information from the Internet. Rapid changes in vehicle design are being made to accommodate these new devices. Nearly 70 percent of new 2007 vehicles are compatible with MP3 players, and all 2009 Chrysler vehicles will have wireless connections to the Internet (Bensinger, 2008). These infotainment devices have the potential to make driving time more enjoyable and productive, but they also have the potential to distract drivers.
Sensor, data fusion, and control technologies promise to improve driving safety by mitigating the distraction potential of infotainment devices. Increasingly, vehicles are being equipped with sensors that monitor surrounding vehicles to identify potential collisions, warn drivers, and even respond with emergency braking. Similar technologies that can automate driving during routine situations include adaptive cruise control that accelerates and decelerates the vehicle to maintain a constant speed or constant distance from the vehicle ahead (Walker et al., 2001).
Other devices can assist drivers with emergency braking, help them keep the car centered in the lane, and attend to potential threats of collisions (Norman, 2007). Although these developments are promising, driver-support technologies may not deliver the promised safety benefits because (1) they often respond imperfectly and (2) they may encourage people to pay less attention to driving if they think the system will protect them from distraction-related lapses (Evans, 2004; Stanton et al., 1997).
As new technology has done in other domains, the introduction of infotainment and driver-support technology will fundamentally change driving. The complex array of factors that affect driving safety means that focusing simply on improving technology (e.g., designing a more capable automatic braking system) will not ensure that driving is safer, not only because technology will remain imperfect, but also because safety ultimately depends on leveraging a driver’s capabilities. Technologies must be designed in a way that attracts a driver’s attention to what matters most and does not annoy or distract a driver from safety-critical events.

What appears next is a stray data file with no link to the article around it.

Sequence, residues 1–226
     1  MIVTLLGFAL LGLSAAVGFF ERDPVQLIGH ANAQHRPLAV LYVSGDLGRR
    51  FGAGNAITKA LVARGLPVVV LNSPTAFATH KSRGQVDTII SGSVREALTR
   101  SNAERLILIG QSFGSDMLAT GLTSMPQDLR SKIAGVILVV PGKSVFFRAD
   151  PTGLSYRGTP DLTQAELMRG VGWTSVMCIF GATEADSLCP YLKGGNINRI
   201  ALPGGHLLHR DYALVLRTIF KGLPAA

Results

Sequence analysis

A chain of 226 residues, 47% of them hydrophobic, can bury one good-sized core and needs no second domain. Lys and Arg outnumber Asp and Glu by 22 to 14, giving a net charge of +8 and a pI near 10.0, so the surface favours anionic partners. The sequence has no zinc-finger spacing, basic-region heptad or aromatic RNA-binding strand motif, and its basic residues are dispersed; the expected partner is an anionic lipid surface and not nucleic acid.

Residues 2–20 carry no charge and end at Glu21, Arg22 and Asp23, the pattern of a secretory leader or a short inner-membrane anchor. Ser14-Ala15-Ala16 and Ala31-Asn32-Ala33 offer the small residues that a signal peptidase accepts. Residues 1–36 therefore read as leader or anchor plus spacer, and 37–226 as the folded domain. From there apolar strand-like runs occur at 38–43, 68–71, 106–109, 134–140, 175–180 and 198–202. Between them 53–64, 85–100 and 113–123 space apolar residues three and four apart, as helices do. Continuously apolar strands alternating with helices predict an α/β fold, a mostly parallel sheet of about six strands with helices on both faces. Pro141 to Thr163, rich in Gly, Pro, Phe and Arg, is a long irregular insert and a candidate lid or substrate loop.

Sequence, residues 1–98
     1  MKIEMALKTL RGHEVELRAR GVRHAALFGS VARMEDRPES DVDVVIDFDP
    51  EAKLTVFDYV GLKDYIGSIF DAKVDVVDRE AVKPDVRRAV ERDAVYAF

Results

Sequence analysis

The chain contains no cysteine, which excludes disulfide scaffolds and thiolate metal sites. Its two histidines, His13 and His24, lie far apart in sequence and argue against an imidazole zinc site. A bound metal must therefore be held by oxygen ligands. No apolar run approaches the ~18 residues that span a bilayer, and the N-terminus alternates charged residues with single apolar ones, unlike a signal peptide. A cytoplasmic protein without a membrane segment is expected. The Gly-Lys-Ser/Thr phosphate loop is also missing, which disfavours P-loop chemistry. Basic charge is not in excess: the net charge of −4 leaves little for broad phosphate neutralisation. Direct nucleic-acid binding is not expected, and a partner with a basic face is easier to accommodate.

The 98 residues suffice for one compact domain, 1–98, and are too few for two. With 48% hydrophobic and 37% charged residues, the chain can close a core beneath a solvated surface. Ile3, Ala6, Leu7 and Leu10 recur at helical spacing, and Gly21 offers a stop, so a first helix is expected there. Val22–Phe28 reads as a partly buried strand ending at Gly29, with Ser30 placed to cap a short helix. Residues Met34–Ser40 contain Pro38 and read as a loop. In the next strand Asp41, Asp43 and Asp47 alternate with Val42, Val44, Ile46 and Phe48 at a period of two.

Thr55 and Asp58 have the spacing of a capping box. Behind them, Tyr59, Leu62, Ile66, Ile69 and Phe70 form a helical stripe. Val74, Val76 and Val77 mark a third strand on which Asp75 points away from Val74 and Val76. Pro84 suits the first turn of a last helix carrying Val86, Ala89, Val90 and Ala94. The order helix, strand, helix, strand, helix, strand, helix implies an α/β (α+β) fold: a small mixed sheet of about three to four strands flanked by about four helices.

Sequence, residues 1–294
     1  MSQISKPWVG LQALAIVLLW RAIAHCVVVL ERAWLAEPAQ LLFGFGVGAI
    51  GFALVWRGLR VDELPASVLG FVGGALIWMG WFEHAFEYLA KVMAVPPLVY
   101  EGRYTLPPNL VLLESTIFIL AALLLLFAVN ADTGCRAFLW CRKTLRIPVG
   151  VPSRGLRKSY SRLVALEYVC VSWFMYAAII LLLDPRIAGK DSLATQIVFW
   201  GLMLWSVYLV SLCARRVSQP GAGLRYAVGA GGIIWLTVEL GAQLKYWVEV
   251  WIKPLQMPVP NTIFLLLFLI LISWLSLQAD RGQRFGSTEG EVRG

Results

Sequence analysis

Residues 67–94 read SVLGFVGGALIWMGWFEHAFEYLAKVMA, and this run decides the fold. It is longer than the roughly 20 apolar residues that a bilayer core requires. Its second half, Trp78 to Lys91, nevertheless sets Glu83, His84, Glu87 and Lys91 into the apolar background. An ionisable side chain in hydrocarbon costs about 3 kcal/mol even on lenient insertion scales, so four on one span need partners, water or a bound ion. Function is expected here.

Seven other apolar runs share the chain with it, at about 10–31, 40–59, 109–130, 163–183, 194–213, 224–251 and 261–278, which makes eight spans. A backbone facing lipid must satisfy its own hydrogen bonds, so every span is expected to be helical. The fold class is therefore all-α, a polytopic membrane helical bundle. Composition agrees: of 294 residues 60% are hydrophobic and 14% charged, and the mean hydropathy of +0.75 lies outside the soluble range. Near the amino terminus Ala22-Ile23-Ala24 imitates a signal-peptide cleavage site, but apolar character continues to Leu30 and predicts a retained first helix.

Figure 1 illustrates the challenges of combining people and technology. The top diagram shows the complementary capacities of humans and technology—both are limited and may overlap to some degree. The middle diagram shows an effective combination of human and technological capacity—in combination, both perform better than either does alone. The bottom diagram shows a dysfunctional situation in which combined human/technology performs worse than either does alone; this can occur if the person does not capitalize on the capacity of the technology (on the left) or relies on the technology inappropriately (on the right). The disuse and/or misuse of technology often occurs when a new technology is introduced (Parasuraman and Riley, 1997). In addition, some technologies, such as warning devices, can annoy people and undermine product acceptance (on the left). Poorly coordinated technology can also interfere with a driver’s ongoing response to a situation (on the right).